Mobile Phones Reveal the Behavior of Places and People

Tony Jebara, Chief Scientist, Columbia University & Sense Networks

Date: Wednesday, March 4

Time: 12:15 - 12:35 PM

Location: Salon E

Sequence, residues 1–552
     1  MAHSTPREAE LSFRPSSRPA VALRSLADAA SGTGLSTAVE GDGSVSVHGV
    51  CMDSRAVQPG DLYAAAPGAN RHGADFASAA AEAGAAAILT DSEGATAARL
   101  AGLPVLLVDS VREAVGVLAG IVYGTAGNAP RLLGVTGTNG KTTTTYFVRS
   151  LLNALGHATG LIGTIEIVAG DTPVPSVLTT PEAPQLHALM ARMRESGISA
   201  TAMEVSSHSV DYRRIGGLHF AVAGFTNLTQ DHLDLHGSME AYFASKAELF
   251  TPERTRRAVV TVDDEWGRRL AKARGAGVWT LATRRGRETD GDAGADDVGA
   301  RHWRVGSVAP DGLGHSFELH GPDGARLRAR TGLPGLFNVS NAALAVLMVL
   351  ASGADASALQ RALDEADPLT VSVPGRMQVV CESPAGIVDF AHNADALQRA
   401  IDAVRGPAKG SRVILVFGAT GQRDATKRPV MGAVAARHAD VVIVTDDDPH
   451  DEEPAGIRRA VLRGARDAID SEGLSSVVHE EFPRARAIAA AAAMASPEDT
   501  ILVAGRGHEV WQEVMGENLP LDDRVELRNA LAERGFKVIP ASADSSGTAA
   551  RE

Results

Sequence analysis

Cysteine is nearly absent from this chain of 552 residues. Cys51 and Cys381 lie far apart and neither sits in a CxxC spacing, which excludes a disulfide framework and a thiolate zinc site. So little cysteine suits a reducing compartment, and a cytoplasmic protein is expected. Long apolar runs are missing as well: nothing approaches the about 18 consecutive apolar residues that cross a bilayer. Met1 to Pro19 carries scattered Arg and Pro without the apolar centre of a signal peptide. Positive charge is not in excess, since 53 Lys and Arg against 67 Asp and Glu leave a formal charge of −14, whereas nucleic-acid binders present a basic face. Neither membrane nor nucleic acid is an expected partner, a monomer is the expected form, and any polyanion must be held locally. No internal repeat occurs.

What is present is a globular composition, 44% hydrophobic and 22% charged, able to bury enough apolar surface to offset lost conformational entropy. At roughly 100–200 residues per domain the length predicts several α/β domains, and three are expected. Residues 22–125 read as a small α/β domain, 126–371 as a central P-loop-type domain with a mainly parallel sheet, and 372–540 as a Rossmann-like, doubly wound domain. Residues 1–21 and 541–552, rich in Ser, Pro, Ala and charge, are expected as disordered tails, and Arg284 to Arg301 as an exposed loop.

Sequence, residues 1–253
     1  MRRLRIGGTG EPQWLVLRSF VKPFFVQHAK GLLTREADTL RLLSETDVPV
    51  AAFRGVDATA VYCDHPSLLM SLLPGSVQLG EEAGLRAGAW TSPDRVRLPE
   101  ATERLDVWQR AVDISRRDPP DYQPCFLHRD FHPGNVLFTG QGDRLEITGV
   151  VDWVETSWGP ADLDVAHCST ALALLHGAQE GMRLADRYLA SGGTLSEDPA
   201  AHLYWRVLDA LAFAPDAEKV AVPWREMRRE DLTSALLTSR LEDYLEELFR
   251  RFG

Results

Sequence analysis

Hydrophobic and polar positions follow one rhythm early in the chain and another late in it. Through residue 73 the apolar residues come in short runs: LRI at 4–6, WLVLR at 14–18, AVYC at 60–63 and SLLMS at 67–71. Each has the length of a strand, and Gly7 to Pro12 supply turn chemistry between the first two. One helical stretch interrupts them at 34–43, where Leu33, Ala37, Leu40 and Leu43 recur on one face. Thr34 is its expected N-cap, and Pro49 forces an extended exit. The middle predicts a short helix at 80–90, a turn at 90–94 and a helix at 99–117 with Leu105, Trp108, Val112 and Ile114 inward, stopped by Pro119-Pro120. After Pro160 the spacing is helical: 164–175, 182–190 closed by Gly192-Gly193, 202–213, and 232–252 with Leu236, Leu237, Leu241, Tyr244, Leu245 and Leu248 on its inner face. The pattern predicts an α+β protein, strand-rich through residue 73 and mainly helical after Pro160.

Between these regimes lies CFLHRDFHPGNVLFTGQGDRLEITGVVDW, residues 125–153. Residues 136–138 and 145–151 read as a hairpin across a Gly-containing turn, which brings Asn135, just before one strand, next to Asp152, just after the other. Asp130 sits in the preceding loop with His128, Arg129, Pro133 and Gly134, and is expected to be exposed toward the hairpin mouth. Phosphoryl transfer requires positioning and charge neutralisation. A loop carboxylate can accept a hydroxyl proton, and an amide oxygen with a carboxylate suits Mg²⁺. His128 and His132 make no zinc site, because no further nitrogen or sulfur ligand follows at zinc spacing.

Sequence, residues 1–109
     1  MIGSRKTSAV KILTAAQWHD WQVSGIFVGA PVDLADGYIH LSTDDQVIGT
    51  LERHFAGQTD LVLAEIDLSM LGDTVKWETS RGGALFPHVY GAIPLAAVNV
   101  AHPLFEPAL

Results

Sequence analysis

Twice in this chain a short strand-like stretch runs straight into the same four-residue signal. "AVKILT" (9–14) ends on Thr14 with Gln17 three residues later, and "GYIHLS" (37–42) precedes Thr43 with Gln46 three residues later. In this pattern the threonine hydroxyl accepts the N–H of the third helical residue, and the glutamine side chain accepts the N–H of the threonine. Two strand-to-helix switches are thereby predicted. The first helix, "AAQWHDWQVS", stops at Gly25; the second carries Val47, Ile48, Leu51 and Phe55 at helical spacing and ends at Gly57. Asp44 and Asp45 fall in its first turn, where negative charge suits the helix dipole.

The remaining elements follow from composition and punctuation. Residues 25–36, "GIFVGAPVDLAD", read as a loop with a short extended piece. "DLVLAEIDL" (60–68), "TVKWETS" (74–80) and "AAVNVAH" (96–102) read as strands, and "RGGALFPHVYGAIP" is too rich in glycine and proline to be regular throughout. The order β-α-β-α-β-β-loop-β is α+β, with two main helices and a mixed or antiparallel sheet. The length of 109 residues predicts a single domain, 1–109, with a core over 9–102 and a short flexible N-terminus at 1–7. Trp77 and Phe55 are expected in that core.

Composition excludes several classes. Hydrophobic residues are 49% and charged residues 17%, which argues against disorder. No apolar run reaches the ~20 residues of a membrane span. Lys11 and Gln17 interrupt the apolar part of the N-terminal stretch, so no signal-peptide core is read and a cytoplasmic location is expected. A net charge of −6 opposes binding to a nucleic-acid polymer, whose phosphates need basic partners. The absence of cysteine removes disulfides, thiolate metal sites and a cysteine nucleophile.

As more of us generate GPS data with our mobile phones, how can this aggregated information give us an unprecedented new understanding of the people, places, and rhythms that make up our cities? How can we index the real world using location data? Location data combined with learning algorithms lets us cluster different places and people into social categories and tribes. By harnessing this rich, natural and anonymized data, unprecedented possibilities emerge for user modeling, marketing, advertising, recommendation, search and collaborative filtering. Using machine learning algorithms, we can infer the context of a place and the tribe of a user from just their location data. It turns out that the flow and movement of people through the city (who is where and at what time) defines places and their character. Similarly, a person's movement trail through the city reveals their personality and tribe. With location data, we build a network of places (how similar is place A to place B) and a network of people (how similar is person X to person Y). These networks let us cluster places and people as well as compute next-generation demographics and analytics. As your cell phone learns about you, it helps you find people, places and things you are interested in and your phone's mapping software becomes your personal social navigator.

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